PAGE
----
Thursday, August 27, 2009
Understanding the American health care debate from abroad has been rendered difficult, if not impossible, by the cretinous, Palinesque rhetoric which now seems to be the preferred discourse of the Republican Party. There will be, according to these knuckle-draggers, government death panels and the whole Obama scheme is either Nazist or socialist or both. In fact, what the current health insurers get up to seems to be far worse than anything imaginable in any state scheme and, besides, America's position as the only wealthy country not to look after the health of all its citizens does look increasingly weird as the years go by.
This is not to defend the NHS, which needs very radical reform indeed, but it is to say that American suspicion of any government involvement in health insurance and the resulting denial of medical care to millions of its citizens needs more explaining than I have yet seen.
Part of the answer, I think, is the deep American conviction that failure should be punished so that success can be rewarded. This is seen both as a moral and an economic imperative. In this context, failure involves the loss of health insurance. If this penalty is removed then there will be less incentive to be successful. The three big flaws in this are: a)rampant and demonstrable private sector abuse of the system b) the fact that very little failure is actually deserved and, even if it were, death or serious illness must be an excessive punishment and, therefore, the moral aspect of the imperative drops out of the equation and the only justification becomes economic. But this too is weakened by the fact that c) the current US system is not very effective in that life expectancy is not that high, it encourage massive over-medication to the point where iatrogenesis is the third biggest killer and it is fantastically inefficient and expensive.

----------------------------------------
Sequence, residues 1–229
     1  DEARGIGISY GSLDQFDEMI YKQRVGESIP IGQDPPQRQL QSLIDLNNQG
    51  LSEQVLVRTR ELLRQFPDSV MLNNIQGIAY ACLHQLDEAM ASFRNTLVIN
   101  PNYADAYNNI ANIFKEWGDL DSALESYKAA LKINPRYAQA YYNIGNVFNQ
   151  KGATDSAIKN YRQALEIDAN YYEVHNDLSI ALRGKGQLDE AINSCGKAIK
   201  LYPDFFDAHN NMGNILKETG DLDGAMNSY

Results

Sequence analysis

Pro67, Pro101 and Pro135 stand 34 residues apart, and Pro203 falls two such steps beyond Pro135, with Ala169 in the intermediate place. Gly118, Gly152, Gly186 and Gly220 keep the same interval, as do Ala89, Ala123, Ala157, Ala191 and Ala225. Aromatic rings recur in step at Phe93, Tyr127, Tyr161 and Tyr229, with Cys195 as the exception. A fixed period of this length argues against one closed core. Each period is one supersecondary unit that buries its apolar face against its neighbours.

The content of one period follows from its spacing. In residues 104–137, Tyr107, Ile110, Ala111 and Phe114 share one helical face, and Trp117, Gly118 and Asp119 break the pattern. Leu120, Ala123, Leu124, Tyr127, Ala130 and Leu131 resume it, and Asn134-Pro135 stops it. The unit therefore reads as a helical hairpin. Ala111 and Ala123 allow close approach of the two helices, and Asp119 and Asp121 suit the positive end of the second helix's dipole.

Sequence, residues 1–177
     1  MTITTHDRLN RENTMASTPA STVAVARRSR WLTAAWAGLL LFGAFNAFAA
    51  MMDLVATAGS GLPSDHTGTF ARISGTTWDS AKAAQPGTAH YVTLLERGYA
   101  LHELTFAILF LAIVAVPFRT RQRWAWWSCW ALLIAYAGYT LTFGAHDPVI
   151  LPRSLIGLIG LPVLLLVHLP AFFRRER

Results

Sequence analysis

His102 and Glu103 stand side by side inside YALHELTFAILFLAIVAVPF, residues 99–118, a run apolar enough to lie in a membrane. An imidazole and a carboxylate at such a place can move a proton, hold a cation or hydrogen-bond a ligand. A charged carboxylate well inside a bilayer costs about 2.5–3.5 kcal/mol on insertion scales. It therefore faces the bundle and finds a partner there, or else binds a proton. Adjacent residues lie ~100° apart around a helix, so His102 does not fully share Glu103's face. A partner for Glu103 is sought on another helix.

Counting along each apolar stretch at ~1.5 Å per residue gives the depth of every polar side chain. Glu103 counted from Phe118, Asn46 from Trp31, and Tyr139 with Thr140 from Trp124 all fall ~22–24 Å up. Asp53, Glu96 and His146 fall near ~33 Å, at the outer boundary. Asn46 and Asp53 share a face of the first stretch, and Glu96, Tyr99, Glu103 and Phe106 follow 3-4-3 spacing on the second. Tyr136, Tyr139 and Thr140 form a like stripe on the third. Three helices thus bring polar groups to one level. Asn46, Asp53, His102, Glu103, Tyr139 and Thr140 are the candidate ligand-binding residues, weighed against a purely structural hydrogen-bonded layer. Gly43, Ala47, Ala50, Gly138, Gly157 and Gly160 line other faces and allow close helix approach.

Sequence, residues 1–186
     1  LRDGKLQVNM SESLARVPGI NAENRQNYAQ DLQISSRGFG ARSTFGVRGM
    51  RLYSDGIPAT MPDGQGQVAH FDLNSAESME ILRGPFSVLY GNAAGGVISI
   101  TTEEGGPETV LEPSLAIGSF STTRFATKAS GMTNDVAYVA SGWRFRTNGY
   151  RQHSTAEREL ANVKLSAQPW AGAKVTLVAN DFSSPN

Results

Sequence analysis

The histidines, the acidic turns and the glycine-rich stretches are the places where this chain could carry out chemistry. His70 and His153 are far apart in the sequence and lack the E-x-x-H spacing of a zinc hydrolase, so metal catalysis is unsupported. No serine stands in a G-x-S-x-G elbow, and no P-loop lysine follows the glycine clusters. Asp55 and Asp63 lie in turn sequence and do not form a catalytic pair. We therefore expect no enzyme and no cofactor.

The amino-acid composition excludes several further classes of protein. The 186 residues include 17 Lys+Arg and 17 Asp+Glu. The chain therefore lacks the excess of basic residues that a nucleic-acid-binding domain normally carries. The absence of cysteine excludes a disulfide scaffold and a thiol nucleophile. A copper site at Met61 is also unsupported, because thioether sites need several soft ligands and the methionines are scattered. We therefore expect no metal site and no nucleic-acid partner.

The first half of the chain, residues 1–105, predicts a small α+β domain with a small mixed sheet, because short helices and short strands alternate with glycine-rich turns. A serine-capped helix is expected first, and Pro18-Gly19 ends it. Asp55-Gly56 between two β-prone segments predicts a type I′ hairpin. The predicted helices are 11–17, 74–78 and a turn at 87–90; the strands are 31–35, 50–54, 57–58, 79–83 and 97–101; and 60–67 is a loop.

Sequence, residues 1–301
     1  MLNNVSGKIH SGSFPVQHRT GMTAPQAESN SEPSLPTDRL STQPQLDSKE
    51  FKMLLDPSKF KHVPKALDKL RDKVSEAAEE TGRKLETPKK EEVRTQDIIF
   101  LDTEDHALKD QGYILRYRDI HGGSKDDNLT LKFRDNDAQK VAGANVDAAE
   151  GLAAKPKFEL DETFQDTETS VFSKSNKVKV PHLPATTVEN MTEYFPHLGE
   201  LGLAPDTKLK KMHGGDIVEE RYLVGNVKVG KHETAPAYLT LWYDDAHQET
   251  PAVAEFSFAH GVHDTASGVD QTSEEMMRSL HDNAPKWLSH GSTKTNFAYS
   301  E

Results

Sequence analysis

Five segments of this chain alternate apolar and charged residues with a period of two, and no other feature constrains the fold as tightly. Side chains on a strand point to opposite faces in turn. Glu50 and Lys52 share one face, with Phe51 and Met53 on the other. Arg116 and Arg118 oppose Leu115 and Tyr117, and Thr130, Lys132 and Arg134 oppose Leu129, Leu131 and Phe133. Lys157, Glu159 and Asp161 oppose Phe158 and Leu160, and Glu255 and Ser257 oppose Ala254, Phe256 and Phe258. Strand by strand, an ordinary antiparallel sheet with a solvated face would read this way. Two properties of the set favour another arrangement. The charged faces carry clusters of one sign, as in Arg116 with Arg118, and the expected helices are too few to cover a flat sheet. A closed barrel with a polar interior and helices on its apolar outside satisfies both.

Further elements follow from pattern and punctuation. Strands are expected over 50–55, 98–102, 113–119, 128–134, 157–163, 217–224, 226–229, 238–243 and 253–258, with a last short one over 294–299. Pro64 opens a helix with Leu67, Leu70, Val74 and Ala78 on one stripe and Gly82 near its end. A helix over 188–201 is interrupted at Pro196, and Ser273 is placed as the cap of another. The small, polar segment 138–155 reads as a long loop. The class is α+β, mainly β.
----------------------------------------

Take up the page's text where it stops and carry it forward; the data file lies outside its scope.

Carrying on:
Health would seem to be a perfectly legitimate extension of the state to correct market failures. Nevertheless, I understand the need to reward success and punish failure in the context of the American imagination. The potency of the idea is what makes the US so different from Europe. Unfortunately, to stir up the knuckle-draggers and damage Obama, the Republicans have decided to exploit and debauch this idea. American individualism thus becomes American savagery and true conservatism withers.
Posted by Bryan Appleyard at 6:32 am